Comic Fodder

Tpull's Weekly DC Comics Review – Part 1

Booster Gold 19

by Dan Jurgens and Norm Rapmund

Crisp, clear pictures and precise narration give you the hint of what Voyager mission starts off this comic, and it’s not even part of the primary plot! The beauty of this series is how they can hold your attention with only a few panels, and as long as you have a passing familiarity with the DCU, there is a lot of fun to be had with the smallest of time-travel moments. Most time travel episodes are lucky to have one good moment of that sort, and it is usually saved until the end; here, we get tons of little desserts all the time.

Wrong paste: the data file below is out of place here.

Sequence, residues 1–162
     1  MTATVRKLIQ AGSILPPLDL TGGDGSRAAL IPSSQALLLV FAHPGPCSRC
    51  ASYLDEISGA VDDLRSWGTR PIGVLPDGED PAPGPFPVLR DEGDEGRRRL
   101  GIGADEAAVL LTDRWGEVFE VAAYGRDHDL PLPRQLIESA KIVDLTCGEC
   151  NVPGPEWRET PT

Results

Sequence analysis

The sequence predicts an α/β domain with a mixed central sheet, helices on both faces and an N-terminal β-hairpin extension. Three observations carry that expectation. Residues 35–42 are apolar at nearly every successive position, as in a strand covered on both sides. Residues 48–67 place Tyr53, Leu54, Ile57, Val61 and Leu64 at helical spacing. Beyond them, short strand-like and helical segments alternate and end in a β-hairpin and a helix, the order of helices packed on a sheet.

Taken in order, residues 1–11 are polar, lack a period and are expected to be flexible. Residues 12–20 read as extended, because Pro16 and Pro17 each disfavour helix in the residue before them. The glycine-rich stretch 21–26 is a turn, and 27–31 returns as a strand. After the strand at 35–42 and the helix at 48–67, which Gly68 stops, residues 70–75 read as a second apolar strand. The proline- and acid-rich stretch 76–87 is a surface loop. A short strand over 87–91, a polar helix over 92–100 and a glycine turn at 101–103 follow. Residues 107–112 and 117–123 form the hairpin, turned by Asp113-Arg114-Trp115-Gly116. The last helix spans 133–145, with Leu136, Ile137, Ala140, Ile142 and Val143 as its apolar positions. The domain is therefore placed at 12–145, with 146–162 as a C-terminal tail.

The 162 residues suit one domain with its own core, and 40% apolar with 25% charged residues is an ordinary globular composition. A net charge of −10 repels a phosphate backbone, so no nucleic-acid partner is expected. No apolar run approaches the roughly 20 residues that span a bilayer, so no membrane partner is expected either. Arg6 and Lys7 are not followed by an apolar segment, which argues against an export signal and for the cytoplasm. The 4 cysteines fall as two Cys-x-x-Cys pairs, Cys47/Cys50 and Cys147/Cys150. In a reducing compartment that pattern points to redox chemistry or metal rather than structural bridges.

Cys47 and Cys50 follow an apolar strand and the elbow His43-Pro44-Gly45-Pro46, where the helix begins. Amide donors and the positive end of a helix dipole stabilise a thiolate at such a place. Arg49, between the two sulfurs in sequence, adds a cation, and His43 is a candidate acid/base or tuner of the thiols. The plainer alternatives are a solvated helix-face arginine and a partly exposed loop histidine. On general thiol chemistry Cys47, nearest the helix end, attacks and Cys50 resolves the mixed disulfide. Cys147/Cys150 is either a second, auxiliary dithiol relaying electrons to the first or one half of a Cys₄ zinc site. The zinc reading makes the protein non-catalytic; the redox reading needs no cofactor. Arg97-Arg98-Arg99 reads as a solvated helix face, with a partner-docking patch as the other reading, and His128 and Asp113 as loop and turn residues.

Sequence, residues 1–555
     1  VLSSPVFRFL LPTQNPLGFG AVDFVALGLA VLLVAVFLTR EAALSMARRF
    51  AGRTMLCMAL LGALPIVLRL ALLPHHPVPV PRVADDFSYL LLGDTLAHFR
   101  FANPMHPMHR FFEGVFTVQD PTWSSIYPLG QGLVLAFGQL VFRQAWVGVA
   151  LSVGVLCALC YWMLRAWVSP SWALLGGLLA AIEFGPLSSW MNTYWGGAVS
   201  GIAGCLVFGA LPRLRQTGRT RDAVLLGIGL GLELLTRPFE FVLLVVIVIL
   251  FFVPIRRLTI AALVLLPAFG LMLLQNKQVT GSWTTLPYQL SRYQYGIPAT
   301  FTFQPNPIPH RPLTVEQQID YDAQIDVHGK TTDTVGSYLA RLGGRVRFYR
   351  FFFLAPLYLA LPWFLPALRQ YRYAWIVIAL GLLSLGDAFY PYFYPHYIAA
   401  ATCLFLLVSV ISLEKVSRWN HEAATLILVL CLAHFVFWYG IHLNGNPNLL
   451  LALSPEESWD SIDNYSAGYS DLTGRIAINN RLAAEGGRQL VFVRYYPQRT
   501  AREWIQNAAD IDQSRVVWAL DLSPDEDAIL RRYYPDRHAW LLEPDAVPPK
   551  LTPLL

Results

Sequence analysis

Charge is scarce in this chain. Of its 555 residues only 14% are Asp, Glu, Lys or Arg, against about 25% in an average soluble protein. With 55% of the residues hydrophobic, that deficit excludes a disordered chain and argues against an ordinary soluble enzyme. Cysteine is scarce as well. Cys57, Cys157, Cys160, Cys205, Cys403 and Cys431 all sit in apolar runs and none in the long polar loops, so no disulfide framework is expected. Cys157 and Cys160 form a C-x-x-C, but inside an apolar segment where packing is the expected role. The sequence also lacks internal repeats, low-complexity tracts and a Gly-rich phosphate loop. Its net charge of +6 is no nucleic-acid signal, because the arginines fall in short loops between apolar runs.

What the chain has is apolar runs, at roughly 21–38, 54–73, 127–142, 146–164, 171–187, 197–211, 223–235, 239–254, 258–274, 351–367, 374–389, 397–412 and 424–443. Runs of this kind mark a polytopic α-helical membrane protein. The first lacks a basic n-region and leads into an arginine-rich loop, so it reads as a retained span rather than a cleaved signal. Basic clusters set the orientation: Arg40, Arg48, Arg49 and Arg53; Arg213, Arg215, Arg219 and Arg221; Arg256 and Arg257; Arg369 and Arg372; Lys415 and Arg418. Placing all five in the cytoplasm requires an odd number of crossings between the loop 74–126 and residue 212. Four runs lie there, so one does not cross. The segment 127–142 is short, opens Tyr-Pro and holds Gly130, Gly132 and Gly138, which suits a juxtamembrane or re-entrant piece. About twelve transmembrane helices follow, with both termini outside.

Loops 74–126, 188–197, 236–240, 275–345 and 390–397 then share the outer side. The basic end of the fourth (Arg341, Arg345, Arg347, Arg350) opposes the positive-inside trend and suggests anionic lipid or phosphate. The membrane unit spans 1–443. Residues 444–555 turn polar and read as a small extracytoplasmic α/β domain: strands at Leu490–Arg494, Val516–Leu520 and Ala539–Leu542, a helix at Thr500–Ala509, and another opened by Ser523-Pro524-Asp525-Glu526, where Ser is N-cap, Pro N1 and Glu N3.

The primary story makes me uncomfortable, mostly because of the extended duration in which Booster stands around talking to his past self. The disparity between the two selves is more striking than I thought could happen, given the small “distance” between their respective time periods. However, Jurgens makes the most of the opportunity to showcase how much ‘present’ Booster has grown. The Men In Black memory-fade device always feels too convenient, so I’m hoping it breaks soon, or they don’t have need to use it every time.